But what about the majority of applications where low-cost development and fast time-to-market are the primary goals and the system's technical requirements are relatively modest? Many companies developing electronic devices staff such projects with a few engineers in the hopes of containing cost. In these cases, there may be no room in the budget for commercial Linux support or in-house Linux gurus, nor for expensive proprietary solutions. Achieving fast time-to-market and low-cost development demand a simpler approach. There's little time to sort out configuration complexities, or to learn which of the many services are actually needed.
While Linux and complex RTOSs with similar features deliver abundant capabilities, they also occupy a fair bit of memory. If available memory is limited by physical footprint, cost, or power consumption constraints, or if low overhead and a rapid real-time response are needed, then it may be time to take an alternate approach. In such circumstances, a large Linux image or a complex RTOS might not cut it. What might be better is a smaller, simpler, more efficient solution, one that still meets the needs of the application, but doesn't impose unnecessary complexity on top. For such needs, a small-footprint, low-overhead, simpler RTOS might very well be more suitable.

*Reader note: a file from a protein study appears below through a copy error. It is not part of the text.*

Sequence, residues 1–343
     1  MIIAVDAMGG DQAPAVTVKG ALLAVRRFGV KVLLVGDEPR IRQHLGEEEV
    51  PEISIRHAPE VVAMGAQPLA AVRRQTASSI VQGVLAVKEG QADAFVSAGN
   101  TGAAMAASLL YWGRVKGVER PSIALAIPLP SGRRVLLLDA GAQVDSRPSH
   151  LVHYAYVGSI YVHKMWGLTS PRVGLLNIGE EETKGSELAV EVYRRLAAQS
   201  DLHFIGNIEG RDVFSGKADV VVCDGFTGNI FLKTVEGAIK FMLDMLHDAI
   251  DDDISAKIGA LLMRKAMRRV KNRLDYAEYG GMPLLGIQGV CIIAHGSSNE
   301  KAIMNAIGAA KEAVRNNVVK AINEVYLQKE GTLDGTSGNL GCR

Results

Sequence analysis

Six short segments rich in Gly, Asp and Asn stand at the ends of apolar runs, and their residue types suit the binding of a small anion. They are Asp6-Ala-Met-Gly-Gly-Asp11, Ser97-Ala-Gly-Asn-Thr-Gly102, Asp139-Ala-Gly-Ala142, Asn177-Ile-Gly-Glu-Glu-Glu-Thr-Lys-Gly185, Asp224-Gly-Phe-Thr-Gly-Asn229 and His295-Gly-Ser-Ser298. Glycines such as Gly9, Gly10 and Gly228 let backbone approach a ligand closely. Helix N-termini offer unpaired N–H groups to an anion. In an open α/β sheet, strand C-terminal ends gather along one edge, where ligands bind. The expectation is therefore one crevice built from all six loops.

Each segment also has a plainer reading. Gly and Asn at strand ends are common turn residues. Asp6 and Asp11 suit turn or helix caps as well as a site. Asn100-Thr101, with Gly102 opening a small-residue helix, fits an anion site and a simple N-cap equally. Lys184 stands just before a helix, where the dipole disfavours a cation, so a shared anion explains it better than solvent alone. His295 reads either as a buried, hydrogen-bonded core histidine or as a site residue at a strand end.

One of the newer trends in embedded software involves designing simpler solutions for applications that don't need all the features. This concept applies to many embedded systems as they may not require virtual memory or hundreds of system services. Instead, many embedded real-time applications need just a few basic capabilities, such as priority-based preemptive scheduling, dynamic memory allocation and recovery, inter-task message passing, interrupt management, resource-locking semaphores, and timers.